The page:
Indeed, I truly believe that listening to others is founded on the fine art of listening to oneself. Or can be a fine art if we take care to make sure that what we actually say represents our core feelings and values at the moment. That is, if we use speech to be who we are rather than as a means of charming others into believing what we want them to believe about us.

Personally, I aspire to sing with the simple eloquence of a hermit thrush by actively paying attention to how such birds run the rills that they do. Or to deliver myself like thunder when the situation demands such a voice by studying over and again the richness and tonality of that sound in the original. That is, I learn to talk by listening to the range of sounds I am exposed to, and then choosing from among them the voice I find most apt to the occasion I find myself in.

Last evening I spoke at a hearing on the future management of resources in Taunton Bay, employing the diction I had learned by listening to the bay itself for much of my life. Today at noon I will present a Peace Award to a senior about to graduate from my local high school, relying on the voice of nonviolent engagement I have acquired through long commitment to the Quaker persuasion. As we listen, so do we consider, and then speak. That’s where words come from—the care with which we listen to the voices of every sort around us throughout or lives.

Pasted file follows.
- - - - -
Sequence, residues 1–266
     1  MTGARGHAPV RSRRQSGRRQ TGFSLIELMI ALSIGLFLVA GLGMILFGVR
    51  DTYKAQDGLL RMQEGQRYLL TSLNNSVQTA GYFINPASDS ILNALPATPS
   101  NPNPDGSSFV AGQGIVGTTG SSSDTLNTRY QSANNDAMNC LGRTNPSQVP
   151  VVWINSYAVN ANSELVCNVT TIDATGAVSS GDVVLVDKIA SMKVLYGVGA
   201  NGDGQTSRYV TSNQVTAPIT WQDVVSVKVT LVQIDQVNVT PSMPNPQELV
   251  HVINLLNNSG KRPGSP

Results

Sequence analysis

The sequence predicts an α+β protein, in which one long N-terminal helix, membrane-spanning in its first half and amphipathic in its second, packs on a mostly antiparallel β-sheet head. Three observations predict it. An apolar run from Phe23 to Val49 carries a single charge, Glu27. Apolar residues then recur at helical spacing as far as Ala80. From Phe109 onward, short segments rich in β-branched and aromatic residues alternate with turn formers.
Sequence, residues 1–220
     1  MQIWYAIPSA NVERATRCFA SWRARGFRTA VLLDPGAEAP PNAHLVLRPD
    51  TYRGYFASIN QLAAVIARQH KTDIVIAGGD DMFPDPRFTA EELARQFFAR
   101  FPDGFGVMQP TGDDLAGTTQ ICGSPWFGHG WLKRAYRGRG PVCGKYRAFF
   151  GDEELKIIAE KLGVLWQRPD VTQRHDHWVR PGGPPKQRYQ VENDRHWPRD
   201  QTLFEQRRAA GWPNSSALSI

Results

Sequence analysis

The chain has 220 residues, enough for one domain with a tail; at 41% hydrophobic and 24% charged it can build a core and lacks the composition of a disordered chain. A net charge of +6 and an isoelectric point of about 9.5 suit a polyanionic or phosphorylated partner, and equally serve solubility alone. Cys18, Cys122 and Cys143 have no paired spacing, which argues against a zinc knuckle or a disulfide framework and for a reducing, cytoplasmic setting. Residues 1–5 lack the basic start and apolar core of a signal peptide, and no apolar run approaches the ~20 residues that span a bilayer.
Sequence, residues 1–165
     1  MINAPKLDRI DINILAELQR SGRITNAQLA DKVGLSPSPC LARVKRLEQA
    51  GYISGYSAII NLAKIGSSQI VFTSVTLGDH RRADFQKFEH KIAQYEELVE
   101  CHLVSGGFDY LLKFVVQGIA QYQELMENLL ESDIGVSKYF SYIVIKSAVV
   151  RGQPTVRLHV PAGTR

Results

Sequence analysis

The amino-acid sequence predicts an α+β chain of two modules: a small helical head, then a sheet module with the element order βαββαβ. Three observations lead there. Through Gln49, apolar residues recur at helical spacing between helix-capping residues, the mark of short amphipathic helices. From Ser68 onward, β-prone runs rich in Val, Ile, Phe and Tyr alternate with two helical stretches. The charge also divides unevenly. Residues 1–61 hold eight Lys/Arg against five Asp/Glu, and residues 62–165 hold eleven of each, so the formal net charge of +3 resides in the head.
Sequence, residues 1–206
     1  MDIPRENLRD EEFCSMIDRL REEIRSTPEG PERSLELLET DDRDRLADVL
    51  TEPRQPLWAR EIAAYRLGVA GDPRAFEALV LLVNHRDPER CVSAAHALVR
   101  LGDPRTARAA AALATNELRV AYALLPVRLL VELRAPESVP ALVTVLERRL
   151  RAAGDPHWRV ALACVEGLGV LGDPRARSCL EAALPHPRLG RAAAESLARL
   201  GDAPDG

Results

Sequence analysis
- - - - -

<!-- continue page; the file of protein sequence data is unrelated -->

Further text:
Listening is a primary form of engagement that bestows gifts on us by opening us to the options we have in being ourselves on specific occasions so that when our turn comes to speak, the words we need to say are available in the repertory of sounds we have found personally arousing and meaningful.

Do you hear me? Or is the ringing in your ears too loud so all that you can hear is yourself? In that case, take up not bird-watching but bird-listening. Explore what is possible and you will find a voice that will carry what it is you want to say.

That’s it for today. As always, I remain y’r friend. –Steve